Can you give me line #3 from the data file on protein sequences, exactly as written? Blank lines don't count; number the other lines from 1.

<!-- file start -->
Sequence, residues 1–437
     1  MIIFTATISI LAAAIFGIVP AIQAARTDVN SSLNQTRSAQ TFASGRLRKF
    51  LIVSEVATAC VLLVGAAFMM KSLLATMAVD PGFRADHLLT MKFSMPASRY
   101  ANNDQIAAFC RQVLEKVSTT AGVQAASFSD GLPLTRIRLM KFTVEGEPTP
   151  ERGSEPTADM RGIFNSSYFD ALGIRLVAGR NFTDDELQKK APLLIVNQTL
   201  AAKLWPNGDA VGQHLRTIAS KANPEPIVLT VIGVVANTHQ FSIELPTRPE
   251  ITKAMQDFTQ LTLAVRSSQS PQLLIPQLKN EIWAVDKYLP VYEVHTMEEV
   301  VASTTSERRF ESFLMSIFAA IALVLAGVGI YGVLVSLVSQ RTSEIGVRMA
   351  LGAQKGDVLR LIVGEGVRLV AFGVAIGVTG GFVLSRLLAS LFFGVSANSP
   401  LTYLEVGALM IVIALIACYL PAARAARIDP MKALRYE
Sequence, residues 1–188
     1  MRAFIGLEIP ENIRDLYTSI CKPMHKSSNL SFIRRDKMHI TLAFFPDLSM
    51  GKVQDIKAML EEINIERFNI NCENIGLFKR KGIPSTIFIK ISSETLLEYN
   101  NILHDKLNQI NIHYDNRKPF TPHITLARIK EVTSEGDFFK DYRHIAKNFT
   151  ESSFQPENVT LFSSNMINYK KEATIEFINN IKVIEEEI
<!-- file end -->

    51  LIVSEVATAC VLLVGAAFMM KSLLATMAVD PGFRADHLLT MKFSMPASRY